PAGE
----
Write Again…That which we are, we are

Published 5:11 pm Wednesday, July 14, 2021

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“Badges of Maturity.” That’s what I had decided to call it. 

“What in the world are you talking about, Old Timer?” You may ask. Well, I’ll tell you. 

But first, let me mention that I also considered calling it “Badges of Honor.” That seemed a bit much, however. 

Plus, let me say here at the outset that not everything is directly the result of the aging process, or happens only when one stacks up a bunch of years. You can believe, though, that the inevitable aging process almost always plays a part, if only to compound some health-related aspect one experiences. 

However, let me tell you that I began this column a few weeks ago. My aim was to begin up “north,” my head, and work my way down “south,” my feet, and tell you about the multitude of ailments, infirmities, that have assaulted me over the past few years. I was going to lay it all out there, friends. My many “badges.” 

Fortunately, something caused me to set it aside for a while, and perhaps “study on” the propriety, the appropriateness, of such an ego-centric endeavor.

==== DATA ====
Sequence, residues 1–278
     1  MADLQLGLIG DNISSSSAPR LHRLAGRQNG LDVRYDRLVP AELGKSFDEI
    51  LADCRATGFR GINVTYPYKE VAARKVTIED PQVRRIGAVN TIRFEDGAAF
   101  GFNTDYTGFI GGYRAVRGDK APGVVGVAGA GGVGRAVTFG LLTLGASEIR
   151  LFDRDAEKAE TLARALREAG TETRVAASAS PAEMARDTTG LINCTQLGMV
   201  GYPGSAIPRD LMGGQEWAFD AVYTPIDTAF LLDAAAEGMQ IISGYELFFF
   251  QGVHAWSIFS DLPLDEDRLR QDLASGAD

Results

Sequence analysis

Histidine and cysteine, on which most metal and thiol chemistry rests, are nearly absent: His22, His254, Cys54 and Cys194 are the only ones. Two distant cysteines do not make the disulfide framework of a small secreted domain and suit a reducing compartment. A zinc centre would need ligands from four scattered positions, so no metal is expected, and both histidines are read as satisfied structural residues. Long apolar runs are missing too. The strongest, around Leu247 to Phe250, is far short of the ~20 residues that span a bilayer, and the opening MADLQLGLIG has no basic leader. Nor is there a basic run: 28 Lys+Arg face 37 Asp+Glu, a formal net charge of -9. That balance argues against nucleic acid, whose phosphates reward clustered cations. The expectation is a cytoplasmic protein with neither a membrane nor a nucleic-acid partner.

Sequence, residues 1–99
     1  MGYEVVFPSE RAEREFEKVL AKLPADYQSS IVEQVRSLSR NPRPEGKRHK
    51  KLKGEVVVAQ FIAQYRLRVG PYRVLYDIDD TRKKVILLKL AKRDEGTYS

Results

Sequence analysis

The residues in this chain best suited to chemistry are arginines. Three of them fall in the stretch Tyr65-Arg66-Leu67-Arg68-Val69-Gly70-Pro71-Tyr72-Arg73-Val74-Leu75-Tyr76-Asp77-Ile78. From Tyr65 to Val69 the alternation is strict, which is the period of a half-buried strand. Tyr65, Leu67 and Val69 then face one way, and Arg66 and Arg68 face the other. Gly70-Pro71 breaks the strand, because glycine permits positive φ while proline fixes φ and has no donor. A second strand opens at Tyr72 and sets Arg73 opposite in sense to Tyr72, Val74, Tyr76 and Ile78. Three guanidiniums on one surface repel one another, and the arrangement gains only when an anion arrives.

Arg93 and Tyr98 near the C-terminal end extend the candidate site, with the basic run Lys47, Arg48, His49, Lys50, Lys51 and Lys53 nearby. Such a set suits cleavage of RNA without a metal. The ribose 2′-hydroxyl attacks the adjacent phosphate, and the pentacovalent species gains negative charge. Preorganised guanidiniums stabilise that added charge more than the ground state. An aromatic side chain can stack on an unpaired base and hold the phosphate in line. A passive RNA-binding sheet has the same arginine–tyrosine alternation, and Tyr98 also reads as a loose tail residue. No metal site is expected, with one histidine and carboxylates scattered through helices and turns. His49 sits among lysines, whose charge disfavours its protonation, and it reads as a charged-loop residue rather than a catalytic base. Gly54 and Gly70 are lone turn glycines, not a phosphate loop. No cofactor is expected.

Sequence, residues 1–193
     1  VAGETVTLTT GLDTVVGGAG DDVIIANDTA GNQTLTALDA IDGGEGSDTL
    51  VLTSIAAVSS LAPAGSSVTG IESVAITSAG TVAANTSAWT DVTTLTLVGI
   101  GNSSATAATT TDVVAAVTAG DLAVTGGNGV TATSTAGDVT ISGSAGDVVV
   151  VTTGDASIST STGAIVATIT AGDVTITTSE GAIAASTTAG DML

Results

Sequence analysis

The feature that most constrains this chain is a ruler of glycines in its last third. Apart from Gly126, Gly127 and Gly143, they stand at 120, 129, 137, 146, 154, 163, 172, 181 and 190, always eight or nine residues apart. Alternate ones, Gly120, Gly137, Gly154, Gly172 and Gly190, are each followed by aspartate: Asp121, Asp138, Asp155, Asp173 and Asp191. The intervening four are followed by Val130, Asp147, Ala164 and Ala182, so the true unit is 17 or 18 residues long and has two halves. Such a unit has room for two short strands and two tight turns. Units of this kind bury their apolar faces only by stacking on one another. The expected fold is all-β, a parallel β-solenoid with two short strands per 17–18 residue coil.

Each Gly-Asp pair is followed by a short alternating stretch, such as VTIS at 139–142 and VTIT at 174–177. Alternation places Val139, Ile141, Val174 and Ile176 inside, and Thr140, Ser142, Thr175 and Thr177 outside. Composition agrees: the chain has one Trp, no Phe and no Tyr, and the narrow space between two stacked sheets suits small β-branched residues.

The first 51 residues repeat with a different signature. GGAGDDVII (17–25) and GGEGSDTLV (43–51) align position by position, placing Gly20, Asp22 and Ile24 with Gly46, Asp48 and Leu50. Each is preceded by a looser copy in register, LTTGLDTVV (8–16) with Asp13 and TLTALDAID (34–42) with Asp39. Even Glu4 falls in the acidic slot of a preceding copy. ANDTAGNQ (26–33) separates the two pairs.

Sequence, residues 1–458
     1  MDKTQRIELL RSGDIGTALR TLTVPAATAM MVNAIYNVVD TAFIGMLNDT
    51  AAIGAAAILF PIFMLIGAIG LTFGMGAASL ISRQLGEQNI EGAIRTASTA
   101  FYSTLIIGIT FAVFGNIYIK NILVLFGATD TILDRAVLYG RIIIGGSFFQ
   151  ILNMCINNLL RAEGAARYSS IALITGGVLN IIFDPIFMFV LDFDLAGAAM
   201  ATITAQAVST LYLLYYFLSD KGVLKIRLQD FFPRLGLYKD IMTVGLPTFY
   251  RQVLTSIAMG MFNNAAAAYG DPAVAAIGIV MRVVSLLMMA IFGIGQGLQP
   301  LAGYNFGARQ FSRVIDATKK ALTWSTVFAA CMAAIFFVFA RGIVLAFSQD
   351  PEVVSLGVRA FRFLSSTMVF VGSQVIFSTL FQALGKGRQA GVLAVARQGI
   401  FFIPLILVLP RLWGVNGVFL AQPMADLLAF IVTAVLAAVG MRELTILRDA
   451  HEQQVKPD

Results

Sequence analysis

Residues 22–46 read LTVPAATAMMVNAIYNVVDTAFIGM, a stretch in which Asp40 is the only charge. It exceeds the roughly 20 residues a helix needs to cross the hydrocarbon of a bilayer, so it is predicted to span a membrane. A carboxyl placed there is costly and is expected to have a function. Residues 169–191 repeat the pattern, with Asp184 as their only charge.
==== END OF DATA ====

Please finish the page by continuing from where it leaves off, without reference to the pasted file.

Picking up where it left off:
Well, my better judgement told me not to do something of such a very personal nature. Such could prove embarrassing. TMI. 

I am now 10 years older than my mother was when she died, and only one year shy of my father’s age when he passed away. 

What I’m saying here, then, is that I should be, and am, grateful to be here, infirmities and health challenges notwithstanding. (Now, isn’t that a bit of a pompous sounding word?)

Of course I’ve reached “old age.” If I didn’t have such an aversion to the over-use of cliches, I would say, “It is what it is.” While I’m not enamored of much of the baggage that comes with attaining octogenarian status, nevertheless I’m glad to be here. Just glad, and grateful, “to be.” 

This is the place in today’s column where I want to share with you a favorite bit of poetry that speaks to the aging process in a perceptive and eloquent fashion. I have used this piece at least once before. 

Here, then, are the last few lines of that iconic poem, by Alfred, Lord Tennyson:

“…Tho’ much is taken, much abides;

and tho’

We are not that strength which in old days 

Moved heaven and earth; that 

which we are, we are;

One equal temper of heroic hearts, 

Made weak by time and fate, but 

strong in will

To strive, to seek, to find, and

not to yield.”

Thanks, Al. I needed that.